Defendant will be own attorney

Published 11:17 am Thursday, May 18, 2017

Salyers will defend self on trafficking charge

Abraham Lincoln once famously said that a man who represents himself has a fool for a client.

Judge Charles Cooper invoked those words on Wednesday in counseling William F. Salyers of his constitutional right to represent himself, as well as the potential pitfalls of doing so.

Salyers, 36, of Ironton, is charged with trafficking in methamphetamine, a felony of the fourth degree. Salyers told Cooper that there was “no trust” between himself and his court appointed attorney Warren Morford.

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“He gave me three photos today, of a marked buy, but had no (information about the photos),” Salyers said.

He asked Cooper if it was possible to get another court appointed attorney, but Cooper advised him that, if he did not want to work with the court appointed attorney, his options were to hire an attorney at his own cost or to represent himself.

Cooper strongly advised Salyers, despite his constitutional right to defend himself, to retain the services of Morford or to hire an attorney.

“It would be dangerous, even, for a lawyer to defend themself,” Cooper said, noting that even attorneys generally retain other counsel when charged in a criminal case.

However, Cooper said that he couldn’t allow Salyers to choose his own public defender.

“We have provided a capable attorney,” Cooper said, noting that if Salyers still wished to discharge Morford, he knew what his options were. Salyers told the judge that he did wish to discharge Morford and, as he cannot afford an attorney, would be representing himself.

Salyers had his pretrial set for June 7 and trial for June 22 – 23.

Cooper did advise Salyers that he would be appointing shadow counsel to advise him. While the shadow counsel does not provide legal advice on the case, they will be able to advise Salyers on procedural matters and in understanding the proceedings against him.

In other action, Custer M. DeLawder, 21, of Ironton, was sentenced to a total of five years on one count of burglary and one count of possession of methamphetamine. DeLawder was sentenced to five years on the burglary charge, and 11 months on the possession charge, to run concurrently, after previously pleading guilty to both charges.

Cooper told DeLawder and his attorney, Gene Meadows, that he would consider judicial release after three years, with good behavior and release to the STAR program.

A remorseful DeLawder apologized for his actions, telling the court, “I know what I done was wrong.”

Corey A Powell, 21, of Proctorville, pleaded guilty to rape and engaging in unlawful sexual conduct with a minor. Eight other counts of gross sexual imposition were nullified as part of Powell’s plea. In addition to a mandatory five years of post release control, Powell will be required to register as a sex offender, registering his residence, and at any place of employment or schools he might attend. Powell’s sentencing is set for June 21.

Anneimika Walters, 39, of London, had her bond maintained at $30,000 cash or surety on charges of possession of methamphetamine and possession of alprazolam.
Prosecutor Brigham Anderson noted that Walters had two failures to appear, as well as failed drug tests and charges pending in other counties, and questioned the current bond, suggesting it be raised to $50,000 cash or surety.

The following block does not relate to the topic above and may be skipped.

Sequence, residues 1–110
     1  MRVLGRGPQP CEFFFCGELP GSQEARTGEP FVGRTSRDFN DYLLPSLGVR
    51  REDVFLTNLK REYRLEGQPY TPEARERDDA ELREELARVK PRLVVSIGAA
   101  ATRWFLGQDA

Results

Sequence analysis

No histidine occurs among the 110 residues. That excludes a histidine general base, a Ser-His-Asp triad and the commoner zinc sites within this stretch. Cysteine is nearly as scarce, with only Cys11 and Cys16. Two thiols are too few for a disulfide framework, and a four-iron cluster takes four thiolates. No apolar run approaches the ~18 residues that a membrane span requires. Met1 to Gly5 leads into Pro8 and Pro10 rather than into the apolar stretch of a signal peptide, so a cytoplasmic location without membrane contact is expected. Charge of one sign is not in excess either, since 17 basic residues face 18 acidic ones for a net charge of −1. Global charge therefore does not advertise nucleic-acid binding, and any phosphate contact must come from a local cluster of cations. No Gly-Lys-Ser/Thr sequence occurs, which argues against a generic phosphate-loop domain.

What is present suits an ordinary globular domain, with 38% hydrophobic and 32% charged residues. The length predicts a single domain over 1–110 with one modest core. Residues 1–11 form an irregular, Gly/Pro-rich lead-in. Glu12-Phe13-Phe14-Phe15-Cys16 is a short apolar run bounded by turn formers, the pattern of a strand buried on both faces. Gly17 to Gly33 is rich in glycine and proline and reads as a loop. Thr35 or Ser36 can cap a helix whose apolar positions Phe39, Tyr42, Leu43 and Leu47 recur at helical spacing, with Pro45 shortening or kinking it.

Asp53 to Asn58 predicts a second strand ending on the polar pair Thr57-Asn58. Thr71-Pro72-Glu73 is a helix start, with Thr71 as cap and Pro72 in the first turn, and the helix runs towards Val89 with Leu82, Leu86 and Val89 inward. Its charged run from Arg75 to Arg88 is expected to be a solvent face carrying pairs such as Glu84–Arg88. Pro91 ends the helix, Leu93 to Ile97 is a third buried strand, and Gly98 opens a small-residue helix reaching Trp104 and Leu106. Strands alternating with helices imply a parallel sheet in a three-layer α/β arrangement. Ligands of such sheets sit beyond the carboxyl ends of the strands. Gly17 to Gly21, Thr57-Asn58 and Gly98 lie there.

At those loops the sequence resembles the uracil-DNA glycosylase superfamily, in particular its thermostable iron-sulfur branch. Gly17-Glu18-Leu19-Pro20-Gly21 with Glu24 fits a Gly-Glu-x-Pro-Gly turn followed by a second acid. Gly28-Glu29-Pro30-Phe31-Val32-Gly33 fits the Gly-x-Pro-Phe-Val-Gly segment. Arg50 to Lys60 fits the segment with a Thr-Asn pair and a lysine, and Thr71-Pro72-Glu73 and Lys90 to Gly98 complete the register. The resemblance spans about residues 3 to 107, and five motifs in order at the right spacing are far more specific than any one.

He also noted that they needed to determine how much time Walters had already served to make sure they were not violating her rights to a speedy trial.

Defendants have a right to trial within 270 days of being charged or arrested, however every day spent incarcerated counts as three days toward the 270-day time limit.

Walters’ defense attorney argued that there had been “no change” in her actual status since the bond was set at $30,000 cash or surety.

In fact, he said, it was incarceration in Lawrence County that lead to Walters missing a meeting with her probation officer and her subsequent arrest in Madison County for CCS violations.

That arrest, in turn, caused Walters to miss her court date in Lawrence County, he said.

After agreeing to re-call the case, Walters and her attorney returned with a signed waiver of speedy trial, and bond was maintained at $30,000 cash or surety.

In Judge Andrew Ballard’s courtroom, Timothy Fox, 24, of Ironton, pleaded guilty to two counts of theft, an F5, and one count of attempted grand theft, an F4 offense. Ballard sentenced Fox to four years of community control sanctions, 200 hours of community service, and to complete a program at STAR Community Justice Center, with 17 months total reserved.

Leigh A. Frye, 38, of Wayne, West Virginia, pleaded guilty to theft, and was sentenced to treatment-in-lieu and ordered to complete 200 hours of community service and a program at Mended Reeds.

Wendy M. Jenkins, 36, of Ironton, was sentenced to four years of CCS with ISP, and 200 hours of community service, on charges of theft, with 11 months reserved.

William Moudy, 30, of Lexington, Kentucky, pleaded not guilty to charges of trafficking in marijuana and had his bond set at $20,000 cash or surety and $50,000 own recognizances.

Gary Munyan, 47, of Ironton, was sentenced on charges of possession of methamphetamine. Munyan was given four years of CCS with ISP, ordered to complete 200 hours of community service, and to complete a program at STAR.

Jason D. Smith, 38, of Huntington, pleaded not guilty to charges of possession of heroin. Ballard set his bond at $20,000 own recognizances and $5,000 cash or surety.

Finally, Jason Pinkerman, 31,of South Point, pleaded guilty to possession of heroin, and was sentenced to four years of CCS with ISP and ordered to complete 200 hours of community service, with 11 months reserved.